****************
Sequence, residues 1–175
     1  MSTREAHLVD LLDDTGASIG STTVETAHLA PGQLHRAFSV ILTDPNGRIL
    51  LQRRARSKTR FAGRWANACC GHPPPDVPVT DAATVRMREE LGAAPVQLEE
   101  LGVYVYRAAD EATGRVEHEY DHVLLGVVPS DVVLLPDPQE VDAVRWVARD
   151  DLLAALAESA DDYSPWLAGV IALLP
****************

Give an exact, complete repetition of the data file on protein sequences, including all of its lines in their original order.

Sequence, residues 1–175
     1  MSTREAHLVD LLDDTGASIG STTVETAHLA PGQLHRAFSV ILTDPNGRIL
    51  LQRRARSKTR FAGRWANACC GHPPPDVPVT DAATVRMREE LGAAPVQLEE
   101  LGVYVYRAAD EATGRVEHEY DHVLLGVVPS DVVLLPDPQE VDAVRWVARD
   151  DLLAALAESA DDYSPWLAGV IALLP